Why I’m striking against UCL’s high rents

Why I’m striking against UCL’s high rents

Over 120 of us students at Max Rayne House, one of the UCL halls located in Camden, are on rent strike. Supported by the campaign UCL cut the rent, we are demanding an immediate 40% cut in rent, transparency in rent-setting decisions and a long-term rent cap at UCL for future year’s students.

Max Rayne is actually one of the cheapest accommodations in UCL. This is why I’m living here. However, this fact doesn’t mean it’s affordable. AFFORDABLE, [ajd.], “That can be afforded (in various senses); (now usu.) inexpensive, reasonably priced”, according to Oxford English Dictionary.

Personally, I’ve got two loans to pay my rent (one public with a bank and a fixed interest of 0.90% and one private without interest) and my own savings from former jobs. I’m currently working as a baby-sitter to cover some of my expenses (e.g. 18+ monthly Bus & Tram which costs £56.10). If my parents are able to help me living in London, they can’t – and I do mean they can’t – pay my rent, which totals £5423.60 for an academic year (a single room, self-catered, at £135.59 a week). Is that ‘inexpensive’ or ‘reasonably priced’? Is that affordable?

My contract states that I’m paying the rent from the 19th September to the 25th June. These dates were given to me, I didn’t choose them. Of course, I can make a request to leave my accommodation earlier (a way to ‘save’ two weeks’ rent since UCL year officially finishes the 10th June) but in that case someone has to be found to replace me, otherwise I will pay the rent until the 25th June, even though I’m not staying in my room.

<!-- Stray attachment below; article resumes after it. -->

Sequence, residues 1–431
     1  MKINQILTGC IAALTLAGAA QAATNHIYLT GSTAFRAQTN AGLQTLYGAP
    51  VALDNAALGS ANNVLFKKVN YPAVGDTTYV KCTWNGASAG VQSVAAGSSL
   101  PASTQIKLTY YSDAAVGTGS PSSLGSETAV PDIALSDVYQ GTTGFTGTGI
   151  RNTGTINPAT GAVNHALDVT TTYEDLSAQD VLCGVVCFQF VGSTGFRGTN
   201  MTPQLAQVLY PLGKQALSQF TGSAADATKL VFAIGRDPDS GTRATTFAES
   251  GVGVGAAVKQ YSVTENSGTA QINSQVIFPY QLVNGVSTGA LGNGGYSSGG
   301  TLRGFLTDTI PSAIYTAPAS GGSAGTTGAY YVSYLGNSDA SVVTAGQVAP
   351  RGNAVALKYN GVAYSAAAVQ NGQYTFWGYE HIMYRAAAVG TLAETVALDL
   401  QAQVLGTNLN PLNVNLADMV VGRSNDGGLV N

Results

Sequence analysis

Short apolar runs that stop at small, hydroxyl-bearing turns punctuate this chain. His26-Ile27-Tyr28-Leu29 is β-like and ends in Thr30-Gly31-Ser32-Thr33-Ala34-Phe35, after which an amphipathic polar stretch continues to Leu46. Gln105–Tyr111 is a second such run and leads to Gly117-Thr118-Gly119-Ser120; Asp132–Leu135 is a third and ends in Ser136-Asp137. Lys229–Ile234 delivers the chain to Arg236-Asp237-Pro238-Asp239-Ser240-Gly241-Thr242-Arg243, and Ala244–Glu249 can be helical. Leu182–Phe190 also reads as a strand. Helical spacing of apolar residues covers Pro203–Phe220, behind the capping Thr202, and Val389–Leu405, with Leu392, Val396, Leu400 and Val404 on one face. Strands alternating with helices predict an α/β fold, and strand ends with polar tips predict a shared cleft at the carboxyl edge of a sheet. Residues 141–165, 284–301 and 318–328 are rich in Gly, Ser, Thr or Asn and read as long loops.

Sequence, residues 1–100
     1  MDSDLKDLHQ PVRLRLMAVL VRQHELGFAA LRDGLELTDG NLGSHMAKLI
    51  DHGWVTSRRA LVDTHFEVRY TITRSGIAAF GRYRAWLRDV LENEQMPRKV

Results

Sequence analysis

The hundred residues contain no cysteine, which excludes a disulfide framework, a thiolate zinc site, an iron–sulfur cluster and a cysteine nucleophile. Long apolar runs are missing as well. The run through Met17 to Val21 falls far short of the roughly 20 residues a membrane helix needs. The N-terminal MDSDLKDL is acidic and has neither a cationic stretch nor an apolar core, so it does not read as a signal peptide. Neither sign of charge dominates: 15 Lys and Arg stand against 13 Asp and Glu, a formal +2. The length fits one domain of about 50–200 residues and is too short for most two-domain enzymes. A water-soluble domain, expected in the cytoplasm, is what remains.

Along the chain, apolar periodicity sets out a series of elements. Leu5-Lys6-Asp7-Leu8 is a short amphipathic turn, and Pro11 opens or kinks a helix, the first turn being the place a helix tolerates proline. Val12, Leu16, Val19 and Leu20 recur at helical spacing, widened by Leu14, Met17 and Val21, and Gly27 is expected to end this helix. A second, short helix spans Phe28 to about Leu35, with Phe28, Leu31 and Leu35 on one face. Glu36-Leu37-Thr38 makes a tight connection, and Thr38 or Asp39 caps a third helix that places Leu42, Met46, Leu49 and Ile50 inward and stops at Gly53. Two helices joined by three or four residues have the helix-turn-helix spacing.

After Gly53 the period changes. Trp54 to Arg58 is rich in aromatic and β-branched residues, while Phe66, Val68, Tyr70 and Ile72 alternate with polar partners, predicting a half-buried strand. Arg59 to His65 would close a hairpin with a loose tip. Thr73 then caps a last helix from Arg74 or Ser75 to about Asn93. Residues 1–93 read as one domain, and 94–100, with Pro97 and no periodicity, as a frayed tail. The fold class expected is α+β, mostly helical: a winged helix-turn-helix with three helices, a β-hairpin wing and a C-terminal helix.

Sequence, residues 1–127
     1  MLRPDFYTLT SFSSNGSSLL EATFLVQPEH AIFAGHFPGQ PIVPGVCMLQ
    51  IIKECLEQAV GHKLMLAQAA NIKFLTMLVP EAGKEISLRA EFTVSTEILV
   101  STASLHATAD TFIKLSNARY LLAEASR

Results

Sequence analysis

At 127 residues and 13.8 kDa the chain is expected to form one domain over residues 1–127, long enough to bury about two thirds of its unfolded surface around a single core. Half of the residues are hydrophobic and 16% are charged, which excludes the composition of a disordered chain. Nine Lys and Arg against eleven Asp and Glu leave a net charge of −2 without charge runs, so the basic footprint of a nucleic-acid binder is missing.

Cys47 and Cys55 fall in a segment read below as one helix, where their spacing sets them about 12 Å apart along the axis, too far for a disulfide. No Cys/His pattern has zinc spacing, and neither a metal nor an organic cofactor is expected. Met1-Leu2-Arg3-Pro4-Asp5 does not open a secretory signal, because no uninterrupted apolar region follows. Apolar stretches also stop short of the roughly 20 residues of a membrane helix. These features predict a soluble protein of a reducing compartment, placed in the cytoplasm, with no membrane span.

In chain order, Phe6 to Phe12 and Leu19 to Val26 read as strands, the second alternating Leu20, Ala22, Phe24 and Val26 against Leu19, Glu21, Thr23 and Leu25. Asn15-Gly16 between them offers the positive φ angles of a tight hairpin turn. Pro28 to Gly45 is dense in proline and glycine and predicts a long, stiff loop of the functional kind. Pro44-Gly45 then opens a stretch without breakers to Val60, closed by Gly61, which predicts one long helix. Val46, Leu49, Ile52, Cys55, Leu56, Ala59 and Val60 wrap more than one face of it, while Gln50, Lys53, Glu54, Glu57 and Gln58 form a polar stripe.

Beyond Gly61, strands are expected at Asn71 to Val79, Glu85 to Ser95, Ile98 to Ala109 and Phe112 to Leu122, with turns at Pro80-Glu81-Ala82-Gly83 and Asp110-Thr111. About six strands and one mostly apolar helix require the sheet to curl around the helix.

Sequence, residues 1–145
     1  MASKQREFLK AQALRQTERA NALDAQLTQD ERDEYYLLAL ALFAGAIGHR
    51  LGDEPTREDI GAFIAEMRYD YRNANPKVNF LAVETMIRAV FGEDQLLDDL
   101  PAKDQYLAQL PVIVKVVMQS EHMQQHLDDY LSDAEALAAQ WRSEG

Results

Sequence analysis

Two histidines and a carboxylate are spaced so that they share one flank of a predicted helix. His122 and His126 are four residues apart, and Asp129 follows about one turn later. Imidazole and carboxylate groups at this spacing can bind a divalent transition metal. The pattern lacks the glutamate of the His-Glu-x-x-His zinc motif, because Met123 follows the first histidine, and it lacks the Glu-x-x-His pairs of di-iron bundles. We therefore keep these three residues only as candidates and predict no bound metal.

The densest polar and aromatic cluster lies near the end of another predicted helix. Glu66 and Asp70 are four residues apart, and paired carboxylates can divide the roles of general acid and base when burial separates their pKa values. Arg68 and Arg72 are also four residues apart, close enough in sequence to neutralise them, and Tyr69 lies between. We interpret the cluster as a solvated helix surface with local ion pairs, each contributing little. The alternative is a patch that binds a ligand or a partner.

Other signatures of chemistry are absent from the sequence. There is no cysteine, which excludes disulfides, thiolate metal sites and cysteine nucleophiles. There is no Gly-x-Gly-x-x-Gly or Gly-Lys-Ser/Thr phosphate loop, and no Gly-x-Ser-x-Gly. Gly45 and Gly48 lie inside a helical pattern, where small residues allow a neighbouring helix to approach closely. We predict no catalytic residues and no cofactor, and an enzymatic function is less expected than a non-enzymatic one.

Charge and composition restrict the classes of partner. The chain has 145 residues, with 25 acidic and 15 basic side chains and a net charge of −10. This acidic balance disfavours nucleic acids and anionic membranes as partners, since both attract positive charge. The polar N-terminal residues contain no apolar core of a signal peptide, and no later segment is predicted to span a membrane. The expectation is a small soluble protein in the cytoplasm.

UCL management claims that these prices are justified because, in the words of Director of Estates Andrew Grainger: “UCL has ambitious plans over the next five years to refurbish and extend a number of student accommodation residences”. What really troubles me is that they are not planning to expand cheap – not to mention affordable – accommodation, like Max Rayne. Grainger gives the example of Astor College, which “will be redeveloped, starting in summer 2016”. Astor College costs £192,50 per week (single room like mine, but catered), way higher than Max Rayne rent, even without the cost of 10 catered meals per week, and it won’t be available for a long time, meaning we are made to pay for ‘refurbishments’ and expansions that we won’t see and even less benefit from.

The money that UCL management say is being ‘ploughed back into residences’, doesn’t necessarily change things for the better either. Let’s take a precise example: during mid-January 2016, the little signs with room numbers were changed on all the doors in Max Rayne. I asked why but nobody could give me the reason. The cost of this must be ridiculous, yet UCL accommodations call in a private firm and to pay its service engineers in order to change more than 300 plates without a well-founded reason is not what I call ‘every effort […] to keep rents as low as possible’ – with is what UCL would have us believe they are doing – and this is not the only case.

I’m striking because I want to be asked my opinion about UCL student accommodations. As students, we are the first ones to be affected and we can tell better than anyone what we need and what really matters for student accommodation. I’m striking because the rent is not ‘affordable’. The current prices exacerbate student debt and prevent many students from studying in London and at one of the best UK universities, which is a scandal. I hope UCL management will hear our concerns and understand our points.


  1. Avatar
    Rex Knight
    February 5, 2016 / 8:54 am

    Victory to the rent strike!

  2. Avatar
    Andrew Grainger
    February 5, 2016 / 4:53 pm

    I wouldn’t say this in public, but I think these plucky students really do have a point. Victory to the rent strike! Down with the neoliberal university!

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